Case Study Cardiogenic Shock

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1. What type of shock is John exhibiting signs of? [1 mark] Give a rationale for your answer and relate this to four [4] of John’s clinical symptoms and observations. [4 marks for clinical symptoms & 4 marks for observations] The type of shock John is exhibiting is cardiogenic shock. This type of shock occurs when the heart is unable to pump blood effectively. This is evident to patients who have had myocardial infarction, such as John’s case. In this illness, the heart has decreased contractility resulting to decreased cardiac output. Such decrease will stimulate the sympathetic nervous system to activate the compensatory mechanism by increasing the heart rate as evident in John’s vital sign to increase the peripheral pressure and ventricular…show more content…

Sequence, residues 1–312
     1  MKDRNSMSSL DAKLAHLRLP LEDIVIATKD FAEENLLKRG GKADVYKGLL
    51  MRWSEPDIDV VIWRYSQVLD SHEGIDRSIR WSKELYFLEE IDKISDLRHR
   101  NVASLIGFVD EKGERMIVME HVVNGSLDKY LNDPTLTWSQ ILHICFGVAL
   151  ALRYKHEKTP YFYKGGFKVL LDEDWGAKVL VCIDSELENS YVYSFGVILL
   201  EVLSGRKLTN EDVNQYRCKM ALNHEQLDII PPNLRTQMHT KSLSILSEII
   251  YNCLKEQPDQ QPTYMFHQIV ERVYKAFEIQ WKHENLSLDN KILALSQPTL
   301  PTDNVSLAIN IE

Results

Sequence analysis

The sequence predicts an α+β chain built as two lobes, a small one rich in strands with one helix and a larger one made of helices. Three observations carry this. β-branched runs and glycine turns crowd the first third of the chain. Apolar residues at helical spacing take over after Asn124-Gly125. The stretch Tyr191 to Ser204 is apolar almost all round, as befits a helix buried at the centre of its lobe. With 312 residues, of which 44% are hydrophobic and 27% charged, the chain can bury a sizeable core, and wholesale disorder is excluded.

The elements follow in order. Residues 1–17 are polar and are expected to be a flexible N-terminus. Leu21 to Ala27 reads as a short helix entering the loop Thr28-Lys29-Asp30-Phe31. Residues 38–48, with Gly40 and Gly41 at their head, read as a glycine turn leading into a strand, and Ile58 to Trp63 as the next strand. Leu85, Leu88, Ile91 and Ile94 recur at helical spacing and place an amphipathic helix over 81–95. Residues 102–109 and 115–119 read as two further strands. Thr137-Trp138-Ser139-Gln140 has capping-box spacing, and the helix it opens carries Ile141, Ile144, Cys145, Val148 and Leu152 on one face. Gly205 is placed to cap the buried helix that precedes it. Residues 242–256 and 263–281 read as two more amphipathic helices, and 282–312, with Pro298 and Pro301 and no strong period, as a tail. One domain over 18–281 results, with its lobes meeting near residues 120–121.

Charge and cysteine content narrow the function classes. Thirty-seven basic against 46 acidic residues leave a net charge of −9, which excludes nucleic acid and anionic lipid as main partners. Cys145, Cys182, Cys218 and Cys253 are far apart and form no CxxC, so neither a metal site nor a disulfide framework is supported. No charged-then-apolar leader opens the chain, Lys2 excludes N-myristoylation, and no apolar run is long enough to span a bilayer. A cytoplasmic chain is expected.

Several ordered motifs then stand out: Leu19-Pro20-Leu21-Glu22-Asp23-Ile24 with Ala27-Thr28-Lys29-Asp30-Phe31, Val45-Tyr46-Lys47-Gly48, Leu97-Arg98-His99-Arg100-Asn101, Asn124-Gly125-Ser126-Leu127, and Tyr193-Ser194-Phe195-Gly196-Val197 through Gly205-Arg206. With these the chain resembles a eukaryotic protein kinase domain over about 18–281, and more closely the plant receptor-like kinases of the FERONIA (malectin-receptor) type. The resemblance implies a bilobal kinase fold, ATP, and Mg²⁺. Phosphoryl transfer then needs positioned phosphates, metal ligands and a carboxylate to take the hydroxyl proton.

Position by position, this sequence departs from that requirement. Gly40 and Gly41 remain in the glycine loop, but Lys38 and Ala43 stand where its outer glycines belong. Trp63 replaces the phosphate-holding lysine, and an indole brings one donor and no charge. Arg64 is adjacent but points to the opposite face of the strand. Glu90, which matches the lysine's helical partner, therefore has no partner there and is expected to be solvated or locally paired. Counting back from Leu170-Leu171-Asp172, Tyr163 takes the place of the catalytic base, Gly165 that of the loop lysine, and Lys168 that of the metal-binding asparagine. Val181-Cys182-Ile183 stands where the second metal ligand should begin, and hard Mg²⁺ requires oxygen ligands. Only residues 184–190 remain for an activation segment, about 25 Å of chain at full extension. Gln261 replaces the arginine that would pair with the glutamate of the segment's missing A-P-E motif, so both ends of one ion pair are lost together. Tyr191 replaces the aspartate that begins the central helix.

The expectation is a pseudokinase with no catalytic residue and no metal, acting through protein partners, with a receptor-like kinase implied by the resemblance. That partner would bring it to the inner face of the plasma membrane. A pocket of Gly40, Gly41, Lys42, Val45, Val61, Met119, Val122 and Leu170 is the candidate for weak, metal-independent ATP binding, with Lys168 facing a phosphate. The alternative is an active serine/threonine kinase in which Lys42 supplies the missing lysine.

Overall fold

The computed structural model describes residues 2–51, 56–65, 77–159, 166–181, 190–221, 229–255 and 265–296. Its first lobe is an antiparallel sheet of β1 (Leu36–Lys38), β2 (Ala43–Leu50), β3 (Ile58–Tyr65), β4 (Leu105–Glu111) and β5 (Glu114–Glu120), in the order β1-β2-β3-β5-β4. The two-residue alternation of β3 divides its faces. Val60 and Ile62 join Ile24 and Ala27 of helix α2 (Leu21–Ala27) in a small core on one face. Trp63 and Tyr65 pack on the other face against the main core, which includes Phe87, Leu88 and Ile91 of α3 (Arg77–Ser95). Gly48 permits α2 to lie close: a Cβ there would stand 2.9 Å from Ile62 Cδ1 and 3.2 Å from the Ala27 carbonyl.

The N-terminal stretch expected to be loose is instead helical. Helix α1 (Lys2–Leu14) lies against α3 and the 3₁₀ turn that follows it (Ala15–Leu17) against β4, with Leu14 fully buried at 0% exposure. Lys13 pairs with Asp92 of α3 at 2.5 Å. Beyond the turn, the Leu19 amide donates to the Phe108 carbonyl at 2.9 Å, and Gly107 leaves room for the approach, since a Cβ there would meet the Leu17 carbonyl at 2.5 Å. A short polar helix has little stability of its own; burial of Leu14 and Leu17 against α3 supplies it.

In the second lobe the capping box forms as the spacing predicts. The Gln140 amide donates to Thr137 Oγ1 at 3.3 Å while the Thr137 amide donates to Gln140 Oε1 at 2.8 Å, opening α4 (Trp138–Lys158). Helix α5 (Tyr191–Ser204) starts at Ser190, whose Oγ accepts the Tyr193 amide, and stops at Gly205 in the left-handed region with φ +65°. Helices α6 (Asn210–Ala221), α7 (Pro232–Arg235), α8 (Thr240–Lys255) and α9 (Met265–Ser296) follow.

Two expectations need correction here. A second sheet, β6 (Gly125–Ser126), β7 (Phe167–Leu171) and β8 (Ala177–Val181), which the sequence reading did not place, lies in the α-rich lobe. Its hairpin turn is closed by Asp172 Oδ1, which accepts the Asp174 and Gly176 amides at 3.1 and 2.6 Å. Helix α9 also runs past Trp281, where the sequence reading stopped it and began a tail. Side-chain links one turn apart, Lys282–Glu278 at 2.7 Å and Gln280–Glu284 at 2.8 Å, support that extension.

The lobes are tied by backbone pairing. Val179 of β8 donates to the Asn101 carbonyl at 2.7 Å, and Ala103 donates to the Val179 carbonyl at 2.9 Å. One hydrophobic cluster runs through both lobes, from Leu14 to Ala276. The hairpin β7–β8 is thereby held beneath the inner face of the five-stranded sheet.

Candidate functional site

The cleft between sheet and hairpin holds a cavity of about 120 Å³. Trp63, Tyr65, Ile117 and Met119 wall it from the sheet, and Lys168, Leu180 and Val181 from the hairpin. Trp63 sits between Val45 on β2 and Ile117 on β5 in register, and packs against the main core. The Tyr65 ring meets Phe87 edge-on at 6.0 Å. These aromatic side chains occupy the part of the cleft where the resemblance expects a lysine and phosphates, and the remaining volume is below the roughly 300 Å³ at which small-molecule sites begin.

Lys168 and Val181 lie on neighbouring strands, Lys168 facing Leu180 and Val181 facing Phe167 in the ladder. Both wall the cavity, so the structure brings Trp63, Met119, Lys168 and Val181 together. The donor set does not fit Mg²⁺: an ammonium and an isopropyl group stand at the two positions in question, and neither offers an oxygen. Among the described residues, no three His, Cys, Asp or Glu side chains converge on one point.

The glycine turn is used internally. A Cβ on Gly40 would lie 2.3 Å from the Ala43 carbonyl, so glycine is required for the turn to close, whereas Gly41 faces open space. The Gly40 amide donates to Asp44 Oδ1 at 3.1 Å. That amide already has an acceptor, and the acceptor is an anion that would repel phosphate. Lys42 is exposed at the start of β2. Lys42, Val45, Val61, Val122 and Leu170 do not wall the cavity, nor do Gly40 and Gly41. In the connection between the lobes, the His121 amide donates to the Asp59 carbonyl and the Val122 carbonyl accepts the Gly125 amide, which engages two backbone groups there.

Because of this inability to contract effectively, the rest of the vital organs receive inadequate amount of blood resulting to inadequate tissue perfusion. There are two types of left-sided HF; systolic and diastolic failure. Systolic failure happens when the left ventricle doesn’t have the enough energy to pump normally the blood to the general circulation. As for diastolic failure, the left ventricle loses the ability to fill itself with blood during resting period resulting to inadequate amount of blood to be pumped out to the circulation (Weinrauch, 2008). The diastolic dysfunction will eventually lead to right-sided heart failure. Pulmonary edema or congestion happens when the left ventricle of the heart fails. This is simply because the inefficiency of its ventricle to pump effectively causes the blood to back up to the pulmonary capillaries as the pulmonary venous blood rises its pressure into the tissues and alveoli impairing the gas exchange. Pulmonary congestion will be manifested in crackles, difficulty of breathing, frothy pink-tinged sputum and shortness of breath. In addition, the decreased amount of blood ejected from the left side causes ineffective tissue perfusion. This is detrimental to other vital organs such as the kidneys. The low amount of blood delivered to the kidneys causes inadequate renal perfusion. When this happens, renin is released to secrete aldosterone, a vasoconstrictor that promotes sodium and fluid retention. Aldosterone increases the preload to increase the systolic volume (Moreau, 2006). However, this is counterproductive in the long run because an increase in the preload will wear out the heart by working double time as well as increasing lung congestion. The heart failure causes multiple organ failure in chronic conditions such as altered digestion, decreased brain perfusion

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